By Tris Dixon
Dominic Breazeale, Andy Ruiz Jnr and Tom Schwarz are an unlikely heavyweight trio.
They might be the answer in a boardgame years from now, with the question who in 2019 did the three leading heavyweights box when all the fans wanted was for them to face each other?
We can only hope that this interim period of out-of-the-ring jostling is concluded swiftly and only then may we have a better indication of what the future holds for Deontay Wilder, Anthony Joshua and Tyson Fury. Three weeks from now, Fury-Schwarz would have completed the last round of heavyweight mismatches and then the bartering, the haggling, the name-calling and the charades will begin in earnest again.
It doesn’t bode to well for Ruiz or Schwarz in that Breazeale was the one many thought would present the stiffest challenge of the three blue corner opponents.
While he may have had momentary success against Wilder his challenge was emphatically concluded in just 137 seconds. Wilder turned Breazeale into a GIF, causing him to delete his social media accounts to avoid the kind of modern day ridicule boxers are sadly subjected to.
Despite positive noises from the Wilder’s camp about Wilder-Joshua and Wilder-Fury II being incoming, there’s more than a hint of the ‘We’ll believe it when we see it’ eye rolling from boxing fans.
The top three seem to be only interested in circumnavigating their way to the pinnacle rather than taking the fastest, more direct route, which is through one another. Because without facing each other we can only speculate who deserves that top spot. Fury fans will point to the lineage, Joshua fans might herald that spectacular night when he sent Wladimir Klitschko into retirement and the longest-reigning, Wilder, will point to his number of defences. They will all make their cases to be the best, to be the A-side, but the simple truth is they are not worth nearly as much alone as they are with one another no matter how hard that is for them to swallow. Yet with the money they are already making do they care? We will, of course, get the soundbites about how they want to fight one another but there is a well-worn phrase we all know about actions and words.
There will be speculation about the end of this year, there will be chatter of early next year and it will go on and while they may grow commercially, as sporting contests – which is how we want the game best represented – they will lose value. Often people look at Floyd Mayweather-Manny Pacquiao and Lennox Lewis-Mike Tyson for the rare examples of competing networks holding hands to create a big night and a showpiece event. But neither of those fights are what they should have been. Tyson and Lewis were ghosts, Mayweather was nearly 40 and Pacquiao’s most awesome form was long, long gone. As a reminder, Joshua is 30 in October, Fury 31 in August and Wilder turn 34 in October. Gone are the days of us hoping for meaningful heavyweight trilogies. We haven’t had one since Riddick Bowe and Evander Holyfield ripped into one another through the early 1990s, more than a quarter of a century ago for those keeping count.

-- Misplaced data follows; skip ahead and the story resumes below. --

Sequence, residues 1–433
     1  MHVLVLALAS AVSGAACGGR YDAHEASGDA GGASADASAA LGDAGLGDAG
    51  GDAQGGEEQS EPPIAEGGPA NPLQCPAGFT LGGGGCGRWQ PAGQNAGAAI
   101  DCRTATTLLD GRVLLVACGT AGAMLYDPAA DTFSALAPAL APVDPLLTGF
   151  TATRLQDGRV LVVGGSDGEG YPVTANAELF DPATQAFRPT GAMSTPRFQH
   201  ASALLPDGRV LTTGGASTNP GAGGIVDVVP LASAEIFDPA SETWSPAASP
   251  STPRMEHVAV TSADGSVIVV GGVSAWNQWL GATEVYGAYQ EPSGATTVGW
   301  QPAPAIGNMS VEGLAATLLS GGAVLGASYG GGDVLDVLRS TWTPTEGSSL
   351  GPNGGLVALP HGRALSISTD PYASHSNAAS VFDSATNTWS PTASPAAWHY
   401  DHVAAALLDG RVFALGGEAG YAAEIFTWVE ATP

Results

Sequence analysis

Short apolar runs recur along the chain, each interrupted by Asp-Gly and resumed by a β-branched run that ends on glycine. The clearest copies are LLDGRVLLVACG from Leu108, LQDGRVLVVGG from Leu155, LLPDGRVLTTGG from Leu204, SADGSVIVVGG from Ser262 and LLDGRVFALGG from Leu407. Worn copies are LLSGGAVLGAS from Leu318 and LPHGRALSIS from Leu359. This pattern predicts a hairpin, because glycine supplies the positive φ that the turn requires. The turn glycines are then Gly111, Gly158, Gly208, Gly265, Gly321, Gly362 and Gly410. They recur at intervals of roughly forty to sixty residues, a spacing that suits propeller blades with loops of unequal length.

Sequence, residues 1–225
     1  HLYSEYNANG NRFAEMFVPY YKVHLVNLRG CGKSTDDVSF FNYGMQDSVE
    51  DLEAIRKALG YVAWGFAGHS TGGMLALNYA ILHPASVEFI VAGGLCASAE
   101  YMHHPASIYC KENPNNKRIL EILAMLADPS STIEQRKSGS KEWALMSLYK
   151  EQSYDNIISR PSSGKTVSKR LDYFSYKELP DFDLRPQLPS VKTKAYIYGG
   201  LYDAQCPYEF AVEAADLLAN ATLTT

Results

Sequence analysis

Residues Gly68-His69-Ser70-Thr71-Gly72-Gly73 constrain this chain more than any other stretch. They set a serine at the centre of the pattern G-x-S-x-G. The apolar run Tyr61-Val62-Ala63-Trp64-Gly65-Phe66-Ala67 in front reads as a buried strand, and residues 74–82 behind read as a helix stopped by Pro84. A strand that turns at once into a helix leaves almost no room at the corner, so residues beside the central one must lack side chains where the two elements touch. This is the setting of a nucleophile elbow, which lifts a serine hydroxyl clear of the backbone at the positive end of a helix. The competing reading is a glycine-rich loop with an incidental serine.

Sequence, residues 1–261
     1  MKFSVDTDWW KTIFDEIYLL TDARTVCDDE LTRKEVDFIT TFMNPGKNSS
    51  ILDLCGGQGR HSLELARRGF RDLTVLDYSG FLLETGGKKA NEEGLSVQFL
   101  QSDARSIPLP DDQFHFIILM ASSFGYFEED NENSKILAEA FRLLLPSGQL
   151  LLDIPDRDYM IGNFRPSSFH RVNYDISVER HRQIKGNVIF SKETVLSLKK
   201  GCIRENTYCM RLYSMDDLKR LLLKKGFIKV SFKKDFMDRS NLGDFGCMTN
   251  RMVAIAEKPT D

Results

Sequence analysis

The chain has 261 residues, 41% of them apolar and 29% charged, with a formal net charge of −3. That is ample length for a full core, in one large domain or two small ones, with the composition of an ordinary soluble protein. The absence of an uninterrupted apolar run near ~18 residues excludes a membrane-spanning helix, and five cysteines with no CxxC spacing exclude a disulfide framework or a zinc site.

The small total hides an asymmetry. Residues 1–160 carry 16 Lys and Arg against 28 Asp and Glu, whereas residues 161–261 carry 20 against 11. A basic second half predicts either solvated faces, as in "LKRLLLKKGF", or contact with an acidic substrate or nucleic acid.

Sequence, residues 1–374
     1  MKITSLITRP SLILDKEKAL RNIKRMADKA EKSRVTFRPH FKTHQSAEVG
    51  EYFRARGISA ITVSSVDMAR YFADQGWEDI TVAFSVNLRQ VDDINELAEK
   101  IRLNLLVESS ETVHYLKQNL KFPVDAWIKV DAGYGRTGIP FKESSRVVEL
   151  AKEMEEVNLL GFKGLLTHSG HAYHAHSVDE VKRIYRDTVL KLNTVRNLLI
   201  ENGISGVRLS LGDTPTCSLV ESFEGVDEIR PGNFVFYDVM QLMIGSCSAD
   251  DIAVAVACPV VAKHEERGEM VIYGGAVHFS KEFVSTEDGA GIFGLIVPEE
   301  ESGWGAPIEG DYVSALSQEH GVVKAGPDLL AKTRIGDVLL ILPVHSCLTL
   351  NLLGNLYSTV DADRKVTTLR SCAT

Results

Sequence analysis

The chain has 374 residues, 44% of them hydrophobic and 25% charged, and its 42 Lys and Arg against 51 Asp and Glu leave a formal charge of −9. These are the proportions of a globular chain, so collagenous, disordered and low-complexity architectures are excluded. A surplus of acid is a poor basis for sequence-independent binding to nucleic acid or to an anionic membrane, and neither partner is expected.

And who knows what will happen should one of the current big three slip up against an Ortiz or a Whyte? Will they be out of the running altogether? Will the big fights be gone? Would a losing fighter suck it up and accept comparative chump change to try and get back on top?
Let’s hope it doesn’t come to that, and that none of the big three takes their eye off the ball.
But there will certainly be a shelf life of these guys fighting anyone but each other. The TV and streaming companies will have to make their money back somehow and at some point.
This week Joshua begins Mission America, his bid to become a commercial goliath in the United States and improve his visibility there, too. Along with the usual pre-fight engagements there will be post-fight formalities, talk shows, breakfast shows and so forth. And as that starts to subside in New York, attention will switch to Las Vegas where Fury faces the little-known Schwarz on June 15. Fury and Top Rank are already cranking up the hype machine on social media, and you can see that increasing exponentially, certainly when the press have written their final sentences about Wilder launching Breazeale into the next stratosphere and Joshua bludgeoning Andy Ruiz Jr into the convincing defeat the bookmakers are universally anticipating.
When all three of them have fought on this merry-go-round one may have greater value, which means the other two may want to spin that heavyweight roulette wheel again in order to bring more bargaining power to the table. That could be the default setting. Fight until one clearly has more chips to negotiate with and while that’s a clumsy business model for the fans it’s a gamble they all seem prepared to take in order to get one over on each other. But, of course, there is only one place where their dominance can be proved, where they can categorically announce that they are the best of this era, and that is in the ring. We won’t be talking about percentages decades from now, we will be talking about greatness – or how greed cost us a series of fights we all wanted.